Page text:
Anyone researching Recipharm AB (publ) (STO:RECI B) might want to consider the historical volatility of the share price. Volatility is considered to be a measure of risk in modern finance theory. Investors may think of volatility as falling into two main categories. The first category is company specific volatility. This can be dealt with by limiting your exposure to any particular stock. The second type is the broader market volatility, which you cannot diversify away, since it arises from macroeconomic factors which directly affects all the stocks on the market.
Some stocks see their prices move in concert with the market. Others tend towards stronger, gentler or unrelated price movements. Beta can be a useful tool to understand how much a stock is influenced by market risk (volatility). However, Warren Buffett said 'volatility is far from synonymous with risk' in his 2014 letter to investors. So, while useful, beta is not the only metric to consider. To use beta as an investor, you must first understand that the overall market has a beta of one. A stock with a beta below one is either less volatile than the market, or more volatile but not corellated with the overall market. In comparison a stock with a beta of over one tends to be move in a similar direction to the market in the long term, but with greater changes in price.
What does RECI B's beta value mean to investors?
Looking at the last five years, Recipharm has a beta of 0.83. The fact that this is well below 1 indicates that its share price movements haven't historically been very sensitive to overall market volatility. This suggests that including it in your portfolio will reduce volatility arising from broader market movements, assuming your portfolio's weighted average beta is higher than 0.83. Beta is worth considering, but it's also important to consider whether Recipharm is growing earnings and revenue. You can take a look for yourself, below.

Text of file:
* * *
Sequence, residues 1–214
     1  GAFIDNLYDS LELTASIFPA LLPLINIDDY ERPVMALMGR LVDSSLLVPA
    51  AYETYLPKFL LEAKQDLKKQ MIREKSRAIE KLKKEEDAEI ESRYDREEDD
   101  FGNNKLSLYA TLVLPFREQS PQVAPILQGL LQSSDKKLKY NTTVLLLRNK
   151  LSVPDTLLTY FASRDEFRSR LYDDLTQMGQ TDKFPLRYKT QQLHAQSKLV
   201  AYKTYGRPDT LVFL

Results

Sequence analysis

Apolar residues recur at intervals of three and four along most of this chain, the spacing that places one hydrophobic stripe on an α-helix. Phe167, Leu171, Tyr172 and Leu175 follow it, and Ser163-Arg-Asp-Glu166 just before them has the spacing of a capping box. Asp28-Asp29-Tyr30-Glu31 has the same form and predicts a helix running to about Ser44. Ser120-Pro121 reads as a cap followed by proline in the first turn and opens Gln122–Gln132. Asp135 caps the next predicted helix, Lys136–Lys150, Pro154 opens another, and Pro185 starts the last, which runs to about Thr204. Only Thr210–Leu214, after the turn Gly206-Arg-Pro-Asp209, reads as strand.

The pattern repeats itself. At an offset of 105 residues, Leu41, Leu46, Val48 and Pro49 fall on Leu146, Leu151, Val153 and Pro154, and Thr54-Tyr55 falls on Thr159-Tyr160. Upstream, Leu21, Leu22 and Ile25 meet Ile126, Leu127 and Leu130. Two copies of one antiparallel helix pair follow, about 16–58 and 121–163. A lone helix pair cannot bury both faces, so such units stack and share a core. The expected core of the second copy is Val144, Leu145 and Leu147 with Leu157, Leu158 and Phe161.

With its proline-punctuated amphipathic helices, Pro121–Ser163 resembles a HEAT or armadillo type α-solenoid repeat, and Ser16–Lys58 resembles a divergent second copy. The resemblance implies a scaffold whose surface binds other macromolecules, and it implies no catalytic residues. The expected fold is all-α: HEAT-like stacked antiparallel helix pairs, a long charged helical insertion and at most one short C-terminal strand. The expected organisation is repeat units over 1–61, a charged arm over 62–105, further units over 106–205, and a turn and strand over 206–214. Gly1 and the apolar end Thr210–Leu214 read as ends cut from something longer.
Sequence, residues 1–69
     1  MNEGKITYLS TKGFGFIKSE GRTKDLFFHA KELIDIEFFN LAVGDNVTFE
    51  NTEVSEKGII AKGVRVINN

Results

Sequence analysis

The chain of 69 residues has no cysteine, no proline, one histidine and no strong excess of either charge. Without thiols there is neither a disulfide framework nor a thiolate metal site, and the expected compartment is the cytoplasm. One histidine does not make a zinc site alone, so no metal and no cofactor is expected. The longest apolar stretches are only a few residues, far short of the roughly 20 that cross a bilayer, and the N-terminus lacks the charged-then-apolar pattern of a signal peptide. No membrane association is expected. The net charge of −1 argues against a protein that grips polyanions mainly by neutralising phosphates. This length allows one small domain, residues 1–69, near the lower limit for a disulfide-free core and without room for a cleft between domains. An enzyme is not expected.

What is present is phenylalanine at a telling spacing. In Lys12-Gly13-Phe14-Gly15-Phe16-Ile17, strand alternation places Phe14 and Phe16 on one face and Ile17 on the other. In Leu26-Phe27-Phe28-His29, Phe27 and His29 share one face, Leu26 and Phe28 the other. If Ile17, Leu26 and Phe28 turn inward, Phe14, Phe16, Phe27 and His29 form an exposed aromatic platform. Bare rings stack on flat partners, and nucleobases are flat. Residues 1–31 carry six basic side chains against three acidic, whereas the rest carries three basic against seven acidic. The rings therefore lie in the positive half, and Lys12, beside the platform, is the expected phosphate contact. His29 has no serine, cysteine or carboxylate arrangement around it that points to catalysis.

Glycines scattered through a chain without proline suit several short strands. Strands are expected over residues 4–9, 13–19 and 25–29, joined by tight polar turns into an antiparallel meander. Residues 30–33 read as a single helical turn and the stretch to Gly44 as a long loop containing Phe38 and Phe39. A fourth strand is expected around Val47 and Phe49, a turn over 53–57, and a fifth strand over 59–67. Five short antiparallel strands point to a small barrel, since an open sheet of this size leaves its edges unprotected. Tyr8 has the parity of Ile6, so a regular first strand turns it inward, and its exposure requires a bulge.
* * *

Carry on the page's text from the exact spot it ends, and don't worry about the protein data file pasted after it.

How does RECI B's size impact its beta?
Recipharm is a small cap stock with a market capitalisation of kr9.2b. Most companies this size are actively traded. Small companies can have a low beta value when company specific factors outweigh the influence of overall market volatility. That might be happening here.
What this means for you:
The Recipharm doesn't usually show much sensitivity to the broader market. This could be for a variety of reasons. Typically, smaller companies have a low beta if their share price tends to move a lot due to company specific developments. Alternatively, an strong dividend payer might move less than the market because investors are valuing it for its income stream. This article aims to educate investors about beta values, but it's well worth looking at important company-specific fundamentals such as Recipharm’s financial health and performance track record. I urge you to continue your research by taking a look at the following:
Future Outlook: What are well-informed industry analysts predicting for RECI B’s future growth? Take a look at our free research report of analyst consensus for RECI B’s outlook.
Past Track Record: Has RECI B been consistently performing well irrespective of the ups and downs in the market? Go into more detail in the past performance analysis and take a look at the free visual representations of RECI B's historicals for more clarity.
Other Interesting Stocks: It's worth checking to see how RECI B measures up against other companies on valuation. You could start with this free list of prospective options.
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